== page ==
403. Apart from the transcripts, we can take judicial notice of the fact that the terrorists attacks at all the places, in the goriest details, were shown live on the Indian TV from beginning to end almost non-stop. All the channels were competing with each other in showing the latest developments on a minute to minute basis, including the positions and the movements of the security forces engaged in flushing out the terrorists. The reckless coverage of the terrorist attack by the channels thus gave rise to a situation where on the one hand the terrorists were completely hidden from the security forces and they had no means to know their exact position or even the kind of firearms and explosives they possessed and on the other hand the positions of the security forces, their weapons and all their operational movements were being watched by the collaborators across the border on TV screens and being communicated to the terrorists.

404. In these appeals, it is not possible to find out whether the security forces actually suffered any casualty or injuries on account of the way their operations were being displayed on the TV screen. But it is beyond doubt that the way their operations were freely shown made the task of the security forces not only exceedingly difficult but also dangerous and risky.

405. Any attempt to justify the conduct of the TV channels by citing the right to freedom of speech and expression would be totally wrong and unacceptable in such a situation. The freedom of expression, like all other freedoms under Article 19, is subject to reasonable restrictions. An action tending to violate another person’s right to life guaranteed under Article 21 or putting the national security in jeopardy can never be justified by taking the plea of freedom of speech and expression.

406. The shots and visuals that were shown live by the TV channels could have also been shown after all the terrorists were neutralized and the security operations were over. But, in that case the TV programmes would not have had the same shrill, scintillating and chilling effect and would not have shot up the TRP ratings of the channels. It must, therefore, be held that by covering live the terrorists attack on Mumbai in the way it was done, the Indian TV channels were not serving any national interest or social cause. On the contrary they were acting in their own commercial interests putting the national security in jeopardy.

407. It is in such extreme cases that the credibility of an institution is tested. The coverage of the Mumbai terror attack by the mainstream electronic media has done much harm to the argument that any regulatory mechanism for the media must only come from within.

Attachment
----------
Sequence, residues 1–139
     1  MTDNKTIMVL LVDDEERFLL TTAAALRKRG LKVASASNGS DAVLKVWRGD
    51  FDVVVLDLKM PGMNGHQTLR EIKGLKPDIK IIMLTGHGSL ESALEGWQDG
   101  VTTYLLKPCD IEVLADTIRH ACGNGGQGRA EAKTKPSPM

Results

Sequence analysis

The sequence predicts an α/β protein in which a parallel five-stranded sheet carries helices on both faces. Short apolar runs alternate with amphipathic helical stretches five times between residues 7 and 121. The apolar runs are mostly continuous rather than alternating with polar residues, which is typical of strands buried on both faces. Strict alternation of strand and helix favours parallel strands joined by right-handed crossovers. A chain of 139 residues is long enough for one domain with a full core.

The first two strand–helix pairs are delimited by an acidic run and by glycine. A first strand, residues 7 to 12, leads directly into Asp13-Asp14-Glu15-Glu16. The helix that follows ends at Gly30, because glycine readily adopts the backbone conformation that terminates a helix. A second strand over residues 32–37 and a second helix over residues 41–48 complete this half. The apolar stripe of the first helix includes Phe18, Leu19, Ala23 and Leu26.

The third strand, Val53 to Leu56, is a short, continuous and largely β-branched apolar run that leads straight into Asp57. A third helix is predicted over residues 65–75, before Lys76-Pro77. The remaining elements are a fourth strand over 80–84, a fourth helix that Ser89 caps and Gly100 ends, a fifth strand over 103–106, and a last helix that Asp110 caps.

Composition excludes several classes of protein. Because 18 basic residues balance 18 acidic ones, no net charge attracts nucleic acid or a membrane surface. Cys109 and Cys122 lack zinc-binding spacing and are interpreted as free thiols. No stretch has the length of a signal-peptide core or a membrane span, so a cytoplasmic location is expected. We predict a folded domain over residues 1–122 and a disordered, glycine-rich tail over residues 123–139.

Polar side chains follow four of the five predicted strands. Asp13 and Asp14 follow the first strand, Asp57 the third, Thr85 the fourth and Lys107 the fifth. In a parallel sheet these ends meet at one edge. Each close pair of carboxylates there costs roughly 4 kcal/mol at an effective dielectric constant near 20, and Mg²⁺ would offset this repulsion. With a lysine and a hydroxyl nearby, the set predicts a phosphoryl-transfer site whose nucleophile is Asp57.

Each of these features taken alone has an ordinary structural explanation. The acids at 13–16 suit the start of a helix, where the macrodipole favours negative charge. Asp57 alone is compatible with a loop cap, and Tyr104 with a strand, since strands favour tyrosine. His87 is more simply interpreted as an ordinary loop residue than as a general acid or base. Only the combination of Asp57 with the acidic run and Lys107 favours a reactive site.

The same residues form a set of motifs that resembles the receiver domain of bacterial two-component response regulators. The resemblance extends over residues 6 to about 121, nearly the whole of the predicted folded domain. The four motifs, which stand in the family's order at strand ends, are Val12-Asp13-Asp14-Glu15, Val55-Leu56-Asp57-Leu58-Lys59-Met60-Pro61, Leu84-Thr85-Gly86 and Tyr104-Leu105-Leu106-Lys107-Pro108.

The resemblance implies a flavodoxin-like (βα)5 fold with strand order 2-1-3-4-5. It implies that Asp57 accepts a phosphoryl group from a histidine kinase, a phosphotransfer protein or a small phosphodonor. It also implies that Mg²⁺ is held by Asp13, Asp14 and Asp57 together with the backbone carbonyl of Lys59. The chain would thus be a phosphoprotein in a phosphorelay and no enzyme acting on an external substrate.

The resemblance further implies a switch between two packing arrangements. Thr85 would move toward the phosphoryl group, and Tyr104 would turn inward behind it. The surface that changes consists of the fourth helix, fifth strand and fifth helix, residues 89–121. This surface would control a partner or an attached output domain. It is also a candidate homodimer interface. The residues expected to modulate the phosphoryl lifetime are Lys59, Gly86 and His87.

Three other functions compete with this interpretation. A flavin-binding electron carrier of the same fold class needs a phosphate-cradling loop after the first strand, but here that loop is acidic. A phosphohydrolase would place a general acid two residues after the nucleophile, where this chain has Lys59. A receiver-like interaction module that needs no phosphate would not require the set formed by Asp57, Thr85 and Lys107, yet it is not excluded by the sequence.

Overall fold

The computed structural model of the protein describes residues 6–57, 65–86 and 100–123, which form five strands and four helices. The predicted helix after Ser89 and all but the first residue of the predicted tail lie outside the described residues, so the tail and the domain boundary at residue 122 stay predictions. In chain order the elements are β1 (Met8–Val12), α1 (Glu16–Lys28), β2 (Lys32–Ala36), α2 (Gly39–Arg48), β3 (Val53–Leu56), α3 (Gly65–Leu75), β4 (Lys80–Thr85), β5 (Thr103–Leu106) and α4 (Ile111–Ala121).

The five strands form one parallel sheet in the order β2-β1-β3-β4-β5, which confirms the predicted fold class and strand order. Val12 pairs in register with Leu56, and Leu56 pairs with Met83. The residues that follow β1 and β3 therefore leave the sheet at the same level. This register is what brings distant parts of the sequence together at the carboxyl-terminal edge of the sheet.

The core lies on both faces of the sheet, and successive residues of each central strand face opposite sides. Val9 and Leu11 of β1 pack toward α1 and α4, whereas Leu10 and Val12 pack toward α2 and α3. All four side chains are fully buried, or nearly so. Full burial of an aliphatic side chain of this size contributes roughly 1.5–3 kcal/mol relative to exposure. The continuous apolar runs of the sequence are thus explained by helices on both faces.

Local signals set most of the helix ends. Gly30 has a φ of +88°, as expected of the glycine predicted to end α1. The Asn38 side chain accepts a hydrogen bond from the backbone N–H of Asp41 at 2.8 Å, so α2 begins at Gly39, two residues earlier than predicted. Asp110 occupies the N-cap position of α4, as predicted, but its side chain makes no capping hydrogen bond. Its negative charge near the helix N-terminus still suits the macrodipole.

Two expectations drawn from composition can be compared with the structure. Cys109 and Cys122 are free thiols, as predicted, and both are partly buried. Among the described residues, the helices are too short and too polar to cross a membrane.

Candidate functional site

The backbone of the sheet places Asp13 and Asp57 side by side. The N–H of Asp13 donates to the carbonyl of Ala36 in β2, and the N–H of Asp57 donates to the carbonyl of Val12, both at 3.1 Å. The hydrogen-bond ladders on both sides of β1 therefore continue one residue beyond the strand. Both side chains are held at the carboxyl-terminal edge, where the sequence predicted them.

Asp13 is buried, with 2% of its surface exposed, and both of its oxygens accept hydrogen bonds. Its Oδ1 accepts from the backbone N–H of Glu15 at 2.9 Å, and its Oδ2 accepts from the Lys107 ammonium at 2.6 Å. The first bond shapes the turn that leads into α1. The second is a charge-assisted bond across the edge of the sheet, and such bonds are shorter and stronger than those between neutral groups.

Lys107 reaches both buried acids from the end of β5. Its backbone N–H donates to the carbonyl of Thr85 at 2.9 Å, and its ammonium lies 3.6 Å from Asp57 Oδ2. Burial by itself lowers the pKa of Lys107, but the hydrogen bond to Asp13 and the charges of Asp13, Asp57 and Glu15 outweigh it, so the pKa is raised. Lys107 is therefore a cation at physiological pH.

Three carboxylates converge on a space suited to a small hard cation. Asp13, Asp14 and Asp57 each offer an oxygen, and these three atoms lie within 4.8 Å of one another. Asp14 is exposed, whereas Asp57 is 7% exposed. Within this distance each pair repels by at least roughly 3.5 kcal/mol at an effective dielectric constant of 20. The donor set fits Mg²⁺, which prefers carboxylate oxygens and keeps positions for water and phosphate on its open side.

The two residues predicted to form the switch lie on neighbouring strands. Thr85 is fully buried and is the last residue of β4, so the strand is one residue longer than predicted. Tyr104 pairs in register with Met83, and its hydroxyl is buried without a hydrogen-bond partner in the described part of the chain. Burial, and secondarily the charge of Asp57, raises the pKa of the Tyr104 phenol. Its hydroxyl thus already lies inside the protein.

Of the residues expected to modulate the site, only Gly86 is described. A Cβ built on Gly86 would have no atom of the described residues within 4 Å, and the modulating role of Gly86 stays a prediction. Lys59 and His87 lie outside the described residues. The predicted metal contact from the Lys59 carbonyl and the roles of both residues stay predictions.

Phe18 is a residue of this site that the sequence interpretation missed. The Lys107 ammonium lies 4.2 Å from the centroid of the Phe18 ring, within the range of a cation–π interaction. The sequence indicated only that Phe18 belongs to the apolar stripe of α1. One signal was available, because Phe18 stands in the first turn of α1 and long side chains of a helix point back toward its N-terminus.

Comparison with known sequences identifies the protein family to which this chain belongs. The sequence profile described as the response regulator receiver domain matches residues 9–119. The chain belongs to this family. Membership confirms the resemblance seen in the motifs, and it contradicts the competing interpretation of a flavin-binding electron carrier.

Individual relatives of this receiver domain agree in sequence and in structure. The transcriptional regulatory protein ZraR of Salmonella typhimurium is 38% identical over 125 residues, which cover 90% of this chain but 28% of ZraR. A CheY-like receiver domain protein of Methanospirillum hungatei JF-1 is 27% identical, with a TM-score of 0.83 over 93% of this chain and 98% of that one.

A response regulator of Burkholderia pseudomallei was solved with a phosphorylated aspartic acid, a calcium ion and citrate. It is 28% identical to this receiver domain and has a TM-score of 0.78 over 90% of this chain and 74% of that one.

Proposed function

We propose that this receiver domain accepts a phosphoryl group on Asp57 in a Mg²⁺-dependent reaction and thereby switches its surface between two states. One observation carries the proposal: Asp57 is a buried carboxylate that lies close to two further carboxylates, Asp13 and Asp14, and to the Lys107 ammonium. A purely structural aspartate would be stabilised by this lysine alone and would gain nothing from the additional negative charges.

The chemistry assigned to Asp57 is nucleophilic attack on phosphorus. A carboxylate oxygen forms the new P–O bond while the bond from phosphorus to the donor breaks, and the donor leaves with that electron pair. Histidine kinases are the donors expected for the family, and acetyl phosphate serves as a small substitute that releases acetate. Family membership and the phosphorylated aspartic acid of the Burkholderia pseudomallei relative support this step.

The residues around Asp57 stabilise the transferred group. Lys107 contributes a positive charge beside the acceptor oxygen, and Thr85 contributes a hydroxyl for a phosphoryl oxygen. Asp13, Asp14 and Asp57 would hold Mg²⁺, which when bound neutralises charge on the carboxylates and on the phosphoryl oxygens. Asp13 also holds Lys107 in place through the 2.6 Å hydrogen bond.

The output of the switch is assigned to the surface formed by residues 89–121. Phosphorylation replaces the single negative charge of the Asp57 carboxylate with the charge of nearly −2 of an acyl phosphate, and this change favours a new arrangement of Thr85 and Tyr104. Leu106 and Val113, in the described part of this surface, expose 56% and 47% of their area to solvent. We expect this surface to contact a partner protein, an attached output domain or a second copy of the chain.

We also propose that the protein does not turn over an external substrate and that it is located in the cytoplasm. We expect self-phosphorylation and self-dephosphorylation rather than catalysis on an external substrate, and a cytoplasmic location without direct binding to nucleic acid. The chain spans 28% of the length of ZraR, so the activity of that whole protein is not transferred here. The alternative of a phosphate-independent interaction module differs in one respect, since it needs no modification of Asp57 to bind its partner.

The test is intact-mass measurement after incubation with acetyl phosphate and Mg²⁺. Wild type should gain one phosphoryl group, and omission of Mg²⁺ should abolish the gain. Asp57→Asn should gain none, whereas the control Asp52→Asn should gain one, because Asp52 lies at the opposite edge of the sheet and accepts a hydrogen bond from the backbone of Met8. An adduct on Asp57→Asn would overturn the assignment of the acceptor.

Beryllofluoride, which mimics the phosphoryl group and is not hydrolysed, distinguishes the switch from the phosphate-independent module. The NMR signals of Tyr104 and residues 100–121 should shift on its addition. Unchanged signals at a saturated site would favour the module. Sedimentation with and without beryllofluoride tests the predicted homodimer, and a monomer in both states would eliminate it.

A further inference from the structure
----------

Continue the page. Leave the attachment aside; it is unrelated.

What happened during the Pathankot attack?

A reporter of NDTV India during the coverage of 2016 Pathankot attack reported – “Two terrorists are still alive and they are next to an ammunitions depot. And the jawans who are under fire, they are concerned that if the militants make it to the ammunitions depot, then it will be even harder to neutralise them.”
Additionally, the news channel allegedly gave out information regarding ammunition stockpiled in the airbase, MiGs, fighter planes, rocket launchers, mortars, helicopters, fuel tanks, details of schools and residential areas located at the airbase during the coverage.

What did the Ministry of Information & Broadcasting do?

A notice was served to the channel for giving out strategically sensitive information which could potentially help perpetrators blunt out the rescue and counter operations. The channel was found to be violating the clause (p) of 6.1. As such, the inter-ministerial committee suggested a 30 days off-air time for the channel. However, since this was the first application of the amendment to the rule, the committee deemed it fit to take a more lenient view and has ordered the channel to go off-air for 1 day with effect from 00:01 hrs on 9th November to 00:01 hrs of 10th November.

Is this the first time a channel has been asked to do so?

No, please refer the notice here for the order of 30 day off-air time for a channel. Also, find here the list of notices  given out to various channels in the past with reasons.

Why am I telling you all of the above?

The coverage of the I&B ministry order towards 24 hours off-air time for NDTV India has largely been biased and poisonously opinionated. It has been mired down by the violation-of-freedom-of-speech rhetoric. Anyone speaking for the order and against NDTV is being called out as a Bhakt and troll. I wanted to lay out facts and let the readers decide for themselves. So here you go – take some time, think and decide where freedom of expression trespasses its line of control and becomes the mother of anarchy.



Further reading & Credits – Scroll piece on the development